Fast Marching Segmentation¶
The fast marching method is a simple form of level-set evolution where only a positive speed term is used to govern the differential equation. The resulting level-set contour only grows over time. Practically, this algorithm can be used as an advanced region growing segmentation which is controlled by a speed image.
A good propagation speed image for segmentation is close to zero near object boundaries and relatively high in between. In this example, an input feature image is smoothed with an anisotropic diffusion method, then the gradient magnitude is used to produce an edge image. A Gaussian with a parameterized sigma is used during the gradient computation to enable the level-set to slow down near edges. The Sigmoid filter performs a linear transform on the gradient magnitude so that boundaries are near zero and homogeneous regions are close to one. The values for alpha and beta are provided in the testing code. The heuristics used to estimate good values are dependent on the minimum value along a boundary and the mean value of the gradient in the object’s region.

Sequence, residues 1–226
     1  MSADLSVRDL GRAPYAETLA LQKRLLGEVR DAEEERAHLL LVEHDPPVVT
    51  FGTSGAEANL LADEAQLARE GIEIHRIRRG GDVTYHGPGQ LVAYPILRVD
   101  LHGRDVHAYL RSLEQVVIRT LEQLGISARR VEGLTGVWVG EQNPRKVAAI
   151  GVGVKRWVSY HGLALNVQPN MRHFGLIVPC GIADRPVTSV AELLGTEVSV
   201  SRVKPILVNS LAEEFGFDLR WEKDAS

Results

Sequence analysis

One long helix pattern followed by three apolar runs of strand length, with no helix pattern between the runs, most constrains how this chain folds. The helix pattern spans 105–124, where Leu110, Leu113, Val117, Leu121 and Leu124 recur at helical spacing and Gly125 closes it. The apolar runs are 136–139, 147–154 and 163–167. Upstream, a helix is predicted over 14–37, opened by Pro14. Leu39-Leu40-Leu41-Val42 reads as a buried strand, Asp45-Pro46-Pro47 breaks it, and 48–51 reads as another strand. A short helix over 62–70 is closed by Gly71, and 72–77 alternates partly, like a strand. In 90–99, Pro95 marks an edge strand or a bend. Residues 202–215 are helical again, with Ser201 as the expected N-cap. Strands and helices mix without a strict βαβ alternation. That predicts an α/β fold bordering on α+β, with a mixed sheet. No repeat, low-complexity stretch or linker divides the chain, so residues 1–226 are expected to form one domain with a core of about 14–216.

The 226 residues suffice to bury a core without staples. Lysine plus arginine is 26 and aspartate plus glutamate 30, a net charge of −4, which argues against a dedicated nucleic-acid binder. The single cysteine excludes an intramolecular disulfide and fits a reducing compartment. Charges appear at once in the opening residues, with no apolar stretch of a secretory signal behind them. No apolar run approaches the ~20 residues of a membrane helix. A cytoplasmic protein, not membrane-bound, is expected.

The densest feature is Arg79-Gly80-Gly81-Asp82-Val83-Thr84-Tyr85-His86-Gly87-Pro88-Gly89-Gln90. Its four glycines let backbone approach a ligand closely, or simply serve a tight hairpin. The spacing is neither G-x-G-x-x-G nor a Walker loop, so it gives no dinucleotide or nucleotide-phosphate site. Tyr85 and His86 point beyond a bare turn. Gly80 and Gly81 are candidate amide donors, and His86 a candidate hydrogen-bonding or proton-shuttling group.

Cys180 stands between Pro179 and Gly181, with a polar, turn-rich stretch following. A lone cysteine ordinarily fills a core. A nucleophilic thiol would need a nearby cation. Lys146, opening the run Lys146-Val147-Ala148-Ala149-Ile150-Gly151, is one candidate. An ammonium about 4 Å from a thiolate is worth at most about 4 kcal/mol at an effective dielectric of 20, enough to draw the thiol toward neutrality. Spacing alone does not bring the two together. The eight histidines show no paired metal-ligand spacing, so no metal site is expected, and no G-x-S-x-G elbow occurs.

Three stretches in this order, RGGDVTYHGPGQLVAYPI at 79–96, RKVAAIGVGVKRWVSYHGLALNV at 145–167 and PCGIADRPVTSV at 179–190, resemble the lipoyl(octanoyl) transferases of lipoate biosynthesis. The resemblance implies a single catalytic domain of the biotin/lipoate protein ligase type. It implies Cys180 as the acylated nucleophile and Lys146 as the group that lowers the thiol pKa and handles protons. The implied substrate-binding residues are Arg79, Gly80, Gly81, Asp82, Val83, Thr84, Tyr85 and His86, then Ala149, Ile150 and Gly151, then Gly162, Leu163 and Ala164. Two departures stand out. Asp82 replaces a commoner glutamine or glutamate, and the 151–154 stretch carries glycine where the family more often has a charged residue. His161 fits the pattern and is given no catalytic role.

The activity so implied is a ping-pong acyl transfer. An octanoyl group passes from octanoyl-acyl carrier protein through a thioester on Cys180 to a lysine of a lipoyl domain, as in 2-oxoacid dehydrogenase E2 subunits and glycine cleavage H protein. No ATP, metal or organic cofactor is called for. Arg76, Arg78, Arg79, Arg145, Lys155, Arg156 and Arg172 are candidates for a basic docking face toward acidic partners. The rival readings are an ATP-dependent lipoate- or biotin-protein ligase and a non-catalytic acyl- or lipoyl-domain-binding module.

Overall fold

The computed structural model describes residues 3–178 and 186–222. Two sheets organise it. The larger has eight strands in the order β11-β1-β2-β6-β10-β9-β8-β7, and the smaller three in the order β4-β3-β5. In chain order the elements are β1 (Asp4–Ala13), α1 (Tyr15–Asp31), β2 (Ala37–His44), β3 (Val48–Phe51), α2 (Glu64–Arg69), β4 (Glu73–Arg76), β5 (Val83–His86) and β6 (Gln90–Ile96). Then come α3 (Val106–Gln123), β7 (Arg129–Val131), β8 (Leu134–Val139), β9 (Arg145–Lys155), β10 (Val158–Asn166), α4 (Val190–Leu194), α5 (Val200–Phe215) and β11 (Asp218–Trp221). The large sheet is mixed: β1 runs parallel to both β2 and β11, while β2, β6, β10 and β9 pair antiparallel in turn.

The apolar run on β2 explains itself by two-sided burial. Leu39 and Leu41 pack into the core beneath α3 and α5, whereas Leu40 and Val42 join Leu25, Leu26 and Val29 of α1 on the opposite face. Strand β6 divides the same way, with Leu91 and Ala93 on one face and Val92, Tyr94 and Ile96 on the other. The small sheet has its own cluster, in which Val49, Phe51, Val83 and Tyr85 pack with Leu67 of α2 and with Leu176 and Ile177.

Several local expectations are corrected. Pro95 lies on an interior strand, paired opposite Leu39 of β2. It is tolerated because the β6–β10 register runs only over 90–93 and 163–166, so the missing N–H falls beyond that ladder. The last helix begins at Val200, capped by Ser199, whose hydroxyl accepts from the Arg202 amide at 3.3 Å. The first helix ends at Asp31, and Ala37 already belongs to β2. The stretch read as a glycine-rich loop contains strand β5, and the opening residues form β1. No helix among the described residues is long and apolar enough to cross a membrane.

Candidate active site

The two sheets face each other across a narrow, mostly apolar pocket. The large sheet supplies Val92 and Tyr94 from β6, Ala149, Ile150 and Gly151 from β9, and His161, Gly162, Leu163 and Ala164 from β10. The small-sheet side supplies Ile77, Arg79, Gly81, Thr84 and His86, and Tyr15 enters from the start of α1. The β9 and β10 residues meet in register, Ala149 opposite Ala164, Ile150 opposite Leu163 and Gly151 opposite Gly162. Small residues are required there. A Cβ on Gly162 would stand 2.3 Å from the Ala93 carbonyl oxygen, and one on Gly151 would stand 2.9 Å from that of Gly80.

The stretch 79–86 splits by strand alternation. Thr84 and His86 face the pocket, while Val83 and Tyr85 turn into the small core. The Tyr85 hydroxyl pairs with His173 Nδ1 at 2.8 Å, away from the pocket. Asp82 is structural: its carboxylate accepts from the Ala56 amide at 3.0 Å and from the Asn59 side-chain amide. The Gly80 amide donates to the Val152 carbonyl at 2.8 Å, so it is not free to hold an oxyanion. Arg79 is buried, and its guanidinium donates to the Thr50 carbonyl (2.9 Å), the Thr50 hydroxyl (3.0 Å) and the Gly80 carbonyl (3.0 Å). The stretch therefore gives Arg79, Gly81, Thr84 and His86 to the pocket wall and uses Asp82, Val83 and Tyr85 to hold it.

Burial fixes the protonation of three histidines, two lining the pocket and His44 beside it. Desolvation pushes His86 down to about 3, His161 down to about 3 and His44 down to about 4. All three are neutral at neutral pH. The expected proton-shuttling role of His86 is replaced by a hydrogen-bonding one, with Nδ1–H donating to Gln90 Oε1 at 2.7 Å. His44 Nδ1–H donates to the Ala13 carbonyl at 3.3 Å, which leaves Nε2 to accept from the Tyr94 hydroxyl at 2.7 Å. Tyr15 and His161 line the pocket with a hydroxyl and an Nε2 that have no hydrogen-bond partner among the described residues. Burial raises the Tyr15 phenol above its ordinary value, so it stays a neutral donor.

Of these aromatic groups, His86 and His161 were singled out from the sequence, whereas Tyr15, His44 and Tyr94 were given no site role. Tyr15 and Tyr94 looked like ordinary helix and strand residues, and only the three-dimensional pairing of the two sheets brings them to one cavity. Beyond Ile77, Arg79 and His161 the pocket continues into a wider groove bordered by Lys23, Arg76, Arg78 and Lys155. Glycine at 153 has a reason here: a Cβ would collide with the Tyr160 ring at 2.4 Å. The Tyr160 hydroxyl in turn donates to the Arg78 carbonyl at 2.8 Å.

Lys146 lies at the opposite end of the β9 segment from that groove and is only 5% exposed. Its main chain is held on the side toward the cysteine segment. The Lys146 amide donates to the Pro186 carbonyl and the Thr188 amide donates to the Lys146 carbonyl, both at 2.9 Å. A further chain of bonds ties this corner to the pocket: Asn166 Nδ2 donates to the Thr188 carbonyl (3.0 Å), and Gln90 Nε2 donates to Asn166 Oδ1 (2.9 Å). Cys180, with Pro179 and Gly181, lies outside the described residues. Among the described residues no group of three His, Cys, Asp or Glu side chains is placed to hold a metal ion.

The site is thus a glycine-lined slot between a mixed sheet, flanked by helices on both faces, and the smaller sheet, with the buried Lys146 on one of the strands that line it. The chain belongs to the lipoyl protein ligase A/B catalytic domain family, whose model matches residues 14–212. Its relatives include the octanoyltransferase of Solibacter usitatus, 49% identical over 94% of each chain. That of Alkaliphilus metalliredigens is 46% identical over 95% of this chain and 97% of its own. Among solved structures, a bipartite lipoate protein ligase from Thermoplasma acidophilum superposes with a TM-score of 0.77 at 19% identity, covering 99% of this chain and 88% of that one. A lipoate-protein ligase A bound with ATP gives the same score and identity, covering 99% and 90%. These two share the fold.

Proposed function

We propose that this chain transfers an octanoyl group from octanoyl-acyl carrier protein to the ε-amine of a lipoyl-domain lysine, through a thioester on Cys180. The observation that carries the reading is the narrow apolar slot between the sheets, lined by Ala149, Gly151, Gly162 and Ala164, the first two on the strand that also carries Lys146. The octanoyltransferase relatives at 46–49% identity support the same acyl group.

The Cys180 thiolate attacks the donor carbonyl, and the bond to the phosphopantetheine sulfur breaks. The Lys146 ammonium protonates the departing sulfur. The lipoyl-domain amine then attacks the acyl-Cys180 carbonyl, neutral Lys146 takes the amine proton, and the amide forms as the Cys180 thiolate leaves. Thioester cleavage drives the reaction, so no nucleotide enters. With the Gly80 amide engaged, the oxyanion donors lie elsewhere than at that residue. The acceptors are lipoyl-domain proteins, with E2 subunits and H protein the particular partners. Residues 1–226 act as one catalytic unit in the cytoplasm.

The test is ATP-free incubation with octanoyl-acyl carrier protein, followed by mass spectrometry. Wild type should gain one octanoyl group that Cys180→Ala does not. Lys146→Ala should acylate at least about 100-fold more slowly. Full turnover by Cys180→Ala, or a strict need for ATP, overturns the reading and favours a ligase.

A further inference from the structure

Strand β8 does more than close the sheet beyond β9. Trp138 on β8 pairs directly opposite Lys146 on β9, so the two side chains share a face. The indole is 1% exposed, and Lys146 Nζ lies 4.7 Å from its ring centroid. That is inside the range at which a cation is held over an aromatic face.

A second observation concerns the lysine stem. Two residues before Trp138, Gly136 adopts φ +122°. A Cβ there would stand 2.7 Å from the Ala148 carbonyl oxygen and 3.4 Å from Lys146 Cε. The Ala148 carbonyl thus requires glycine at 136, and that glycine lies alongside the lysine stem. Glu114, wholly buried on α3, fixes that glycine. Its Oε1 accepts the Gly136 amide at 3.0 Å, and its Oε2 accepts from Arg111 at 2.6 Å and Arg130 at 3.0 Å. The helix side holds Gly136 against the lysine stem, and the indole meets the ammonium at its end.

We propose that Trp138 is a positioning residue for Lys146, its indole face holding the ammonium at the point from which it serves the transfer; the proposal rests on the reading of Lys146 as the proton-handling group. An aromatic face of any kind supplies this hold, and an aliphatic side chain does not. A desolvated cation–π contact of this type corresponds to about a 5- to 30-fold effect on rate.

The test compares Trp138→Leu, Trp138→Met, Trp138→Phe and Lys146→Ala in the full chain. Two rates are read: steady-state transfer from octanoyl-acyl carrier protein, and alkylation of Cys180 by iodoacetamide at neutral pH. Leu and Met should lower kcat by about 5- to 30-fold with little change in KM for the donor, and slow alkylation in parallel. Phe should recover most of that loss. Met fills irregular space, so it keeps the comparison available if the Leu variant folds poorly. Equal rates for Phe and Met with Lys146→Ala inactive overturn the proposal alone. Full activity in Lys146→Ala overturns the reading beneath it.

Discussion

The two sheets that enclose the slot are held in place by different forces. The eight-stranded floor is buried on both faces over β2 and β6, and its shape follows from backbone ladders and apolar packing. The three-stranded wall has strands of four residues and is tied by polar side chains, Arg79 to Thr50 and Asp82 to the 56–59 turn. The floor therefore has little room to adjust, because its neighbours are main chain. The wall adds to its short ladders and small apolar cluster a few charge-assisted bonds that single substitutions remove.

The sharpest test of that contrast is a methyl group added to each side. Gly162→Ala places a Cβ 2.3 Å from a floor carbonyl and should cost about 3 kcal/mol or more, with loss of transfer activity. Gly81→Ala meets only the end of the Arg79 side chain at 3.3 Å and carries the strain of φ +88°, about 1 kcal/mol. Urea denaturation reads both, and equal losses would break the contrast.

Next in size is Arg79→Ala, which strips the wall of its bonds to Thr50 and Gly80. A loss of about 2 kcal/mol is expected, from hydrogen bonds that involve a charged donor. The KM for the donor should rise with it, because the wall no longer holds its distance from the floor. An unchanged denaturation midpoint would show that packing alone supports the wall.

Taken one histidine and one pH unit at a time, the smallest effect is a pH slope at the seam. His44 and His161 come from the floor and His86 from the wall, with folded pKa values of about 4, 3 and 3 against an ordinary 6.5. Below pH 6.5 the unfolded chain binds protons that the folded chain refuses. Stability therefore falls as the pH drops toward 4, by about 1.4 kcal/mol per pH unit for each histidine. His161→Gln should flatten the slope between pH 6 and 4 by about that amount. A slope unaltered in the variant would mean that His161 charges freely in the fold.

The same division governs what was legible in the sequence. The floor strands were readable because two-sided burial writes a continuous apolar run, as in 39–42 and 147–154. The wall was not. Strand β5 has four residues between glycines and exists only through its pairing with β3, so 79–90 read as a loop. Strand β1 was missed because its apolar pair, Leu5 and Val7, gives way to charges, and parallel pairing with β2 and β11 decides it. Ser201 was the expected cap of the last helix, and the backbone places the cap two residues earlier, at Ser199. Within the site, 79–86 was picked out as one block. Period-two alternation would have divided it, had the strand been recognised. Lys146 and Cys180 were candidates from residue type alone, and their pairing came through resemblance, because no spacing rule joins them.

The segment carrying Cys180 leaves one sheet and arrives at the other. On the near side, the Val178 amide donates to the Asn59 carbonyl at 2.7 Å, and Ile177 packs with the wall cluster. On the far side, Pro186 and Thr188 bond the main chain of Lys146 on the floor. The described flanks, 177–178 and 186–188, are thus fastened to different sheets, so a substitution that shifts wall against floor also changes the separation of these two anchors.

Lastly the fast marching filter is configured with an initial trial point and starting value. Each trial point consists of a tuple for an image index including an optional unsigned starting seed value at the trial point. The trial points are the starting location of the level-set. The output of the fast marching filter is a time-crossing map that indicate the time of arrival of the propagated level-set front. We threshold the result to the region the level-set front propagated through to form the segmented object. A graphical interface can be constructed to show the contour propagation over time, enabling a user to select a the desired segmentation.